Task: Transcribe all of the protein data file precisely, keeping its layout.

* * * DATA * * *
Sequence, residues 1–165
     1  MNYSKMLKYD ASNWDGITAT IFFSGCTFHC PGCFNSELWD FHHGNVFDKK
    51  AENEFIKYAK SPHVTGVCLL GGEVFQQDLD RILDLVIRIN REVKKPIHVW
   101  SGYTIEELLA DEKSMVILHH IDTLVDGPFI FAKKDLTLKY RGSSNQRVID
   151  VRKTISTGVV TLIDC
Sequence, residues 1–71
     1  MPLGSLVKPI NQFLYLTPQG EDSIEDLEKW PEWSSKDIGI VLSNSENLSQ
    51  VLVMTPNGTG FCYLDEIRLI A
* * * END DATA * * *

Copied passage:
Sequence, residues 1–165
     1  MNYSKMLKYD ASNWDGITAT IFFSGCTFHC PGCFNSELWD FHHGNVFDKK
    51  AENEFIKYAK SPHVTGVCLL GGEVFQQDLD RILDLVIRIN REVKKPIHVW
   101  SGYTIEELLA DEKSMVILHH IDTLVDGPFI FAKKDLTLKY RGSSNQRVID
   151  VRKTISTGVV TLIDC
Sequence, residues 1–71
     1  MPLGSLVKPI NQFLYLTPQG EDSIEDLEKW PEWSSKDIGI VLSNSENLSQ
    51  VLVMTPNGTG FCYLDEIRLI A